20 Helpful Software for Small Business Management

  • Feb 12
20 Helpful Software for Small Business Management

Starting a small business is a stressful venture, even when you have everything lined up just the way it should be. Calming upset clients, developing new systems, and attempting to manage things out of your control can get pretty rough. Fortunately, there are plenty of helpful software for small business management that can make the whole process simpler.

In fact, if you’re looking for a digital application to help out with some part of your business, chances are you’ll be able to find it. Because the various software out there cover an immense range of features and tasks. For instance:

  • Accounting
  • Project Management
  • Customer Relationship Management
  • Communication/Collaboration

And these are just a handful of the areas software for small business management impacts.

Ultimately, if you’re needing help with some function of your business, the best bet is to research the software out there and find what works best for you. But that can take a lot of time. So, we’ve broken down twenty of the most popular apps and software for small business management. That way, you can get a quick glimpse at some of the options available and figure out what works best for your team.

1. Intuit QuickBooks11. Pipedrive
2. FreshBooks12. Salesforce
3. Xero13. Slack
4. Zoho Books14. Zoom
5. Monday.com15. Microsoft Teams
6. Trello16. Discord
7. Airtable17. Square
8. Asana18. BambooHR
9. Zoho Projects19. Canva
10. HubSpot20. Ahrefs

Accounting Software

A woman looking at sheets on an account software for small business management

1. Intuit QuickBooks

Intuit QuickBooks is easily one of the most popular accounting software options available on the market. With multiple tier plans, QuickBooks offers a wide range of features, most notably:

  • Loans
  • Managing and paying bills
  • Tax prep and filing
  • Reporting and insights on project profitability
  • Day-to-day tracking for inventory
  • Payroll
  • Employee benefits

QuickBooks also integrates with hundreds of other apps to help streamline your business’ accounting and finance processes. However, these features come at a price, as it’s one of the more expensive accounting software options. The lowest tier starts off at just around $30 per month while the highest comes in at $200. Still, for the range of features available, QuickBooks is one of the best.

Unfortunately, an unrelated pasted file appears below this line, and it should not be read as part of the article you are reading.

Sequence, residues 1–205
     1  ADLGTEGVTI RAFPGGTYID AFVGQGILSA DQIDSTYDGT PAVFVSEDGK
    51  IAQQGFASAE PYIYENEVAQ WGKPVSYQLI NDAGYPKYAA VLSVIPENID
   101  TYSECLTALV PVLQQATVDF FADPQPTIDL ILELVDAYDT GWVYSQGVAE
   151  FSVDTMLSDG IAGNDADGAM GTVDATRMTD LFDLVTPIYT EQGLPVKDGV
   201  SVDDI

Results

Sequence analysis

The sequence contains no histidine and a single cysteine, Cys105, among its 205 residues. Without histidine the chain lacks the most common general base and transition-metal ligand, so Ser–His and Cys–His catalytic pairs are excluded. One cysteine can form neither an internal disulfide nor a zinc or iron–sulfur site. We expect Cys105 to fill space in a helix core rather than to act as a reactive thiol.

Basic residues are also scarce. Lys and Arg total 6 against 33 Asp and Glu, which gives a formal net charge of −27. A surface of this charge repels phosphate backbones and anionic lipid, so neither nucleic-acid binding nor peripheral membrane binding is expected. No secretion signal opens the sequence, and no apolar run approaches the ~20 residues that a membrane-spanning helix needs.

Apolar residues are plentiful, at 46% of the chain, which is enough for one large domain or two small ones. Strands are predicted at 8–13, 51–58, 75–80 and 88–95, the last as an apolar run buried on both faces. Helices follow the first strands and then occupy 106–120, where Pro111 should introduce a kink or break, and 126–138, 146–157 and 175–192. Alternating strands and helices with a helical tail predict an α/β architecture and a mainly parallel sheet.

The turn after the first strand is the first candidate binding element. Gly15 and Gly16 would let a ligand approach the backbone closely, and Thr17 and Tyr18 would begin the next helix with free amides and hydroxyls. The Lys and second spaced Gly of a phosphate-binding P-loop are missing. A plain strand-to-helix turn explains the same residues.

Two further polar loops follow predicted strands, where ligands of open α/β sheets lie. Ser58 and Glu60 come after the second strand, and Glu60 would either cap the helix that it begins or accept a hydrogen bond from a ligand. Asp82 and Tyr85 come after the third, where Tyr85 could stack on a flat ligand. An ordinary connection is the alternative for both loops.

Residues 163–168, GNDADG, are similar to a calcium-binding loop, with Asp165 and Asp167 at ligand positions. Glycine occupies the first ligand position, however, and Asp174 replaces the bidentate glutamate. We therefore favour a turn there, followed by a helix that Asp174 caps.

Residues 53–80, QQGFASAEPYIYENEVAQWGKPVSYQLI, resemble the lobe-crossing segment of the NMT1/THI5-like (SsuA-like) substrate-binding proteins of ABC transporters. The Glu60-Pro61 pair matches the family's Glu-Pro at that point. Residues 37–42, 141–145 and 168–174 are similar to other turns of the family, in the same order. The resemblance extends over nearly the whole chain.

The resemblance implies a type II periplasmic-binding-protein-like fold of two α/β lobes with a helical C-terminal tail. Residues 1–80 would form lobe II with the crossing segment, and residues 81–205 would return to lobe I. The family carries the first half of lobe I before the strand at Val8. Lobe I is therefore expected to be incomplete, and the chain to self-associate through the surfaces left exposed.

2. FreshBooks

FreshBooks is an accounting software designed to help meet the business needs of freelancers and medium-sized employers. Though it initially began only with a simple invoicing program, it’s evolved over the years to feature many different features. So, you can find everything from estimates and payroll functions to time tracking, estimates, and bookkeeping.

This intuitive double-entry accounting program makes the processes simpler for those who aren’t well-versed in finances. So, it’s perfect for small business owners looking for an easy solution.

Users also praise the efficiency, professionality, and usability of FreshBooks. So, if you’re looking for a helpful entry-level program, this might be right for your needs.

Currently, yearly plans start at $19 and range up to $60, and yearly plans range from $228 to $720. However, regular savings deals help make the program even more affordable, sometimes reducing prices by as much as sixty percent.

3. Xero

Xero software features a wide array of finance and accounting features, similar to other options on the market. These aspects include:

  • Paying bills
  • Claiming expenses
  • Creating purchase orders
  • Drafting quotes
  • App integration

And while the software has great online support and new reporting options not featured in other apps, it suffers from confusing navigation. Still, it’s use of AI in the interest of expediting the accounting processes helps it stand out among competitors.

Furthermore, because it allows unlimited users at no extra cost, it’s a great option for smaller businesses with several employees needing access.

Xero normally starts at $15 per month for the lowest tier and ranges to $78. However, users can save up to 75% for three months, making this a great alternative to more expensive accounting software for small business management.

4. Zoho Books

Zoho Books is another popular option for accounting software. It helps manage finances, automate business workflows and encourage cooperation across departments. Similar to most other accounting applications, it tracks inventory, timesheets and contacts, imports bank statements, and keeps track of receivables and payables.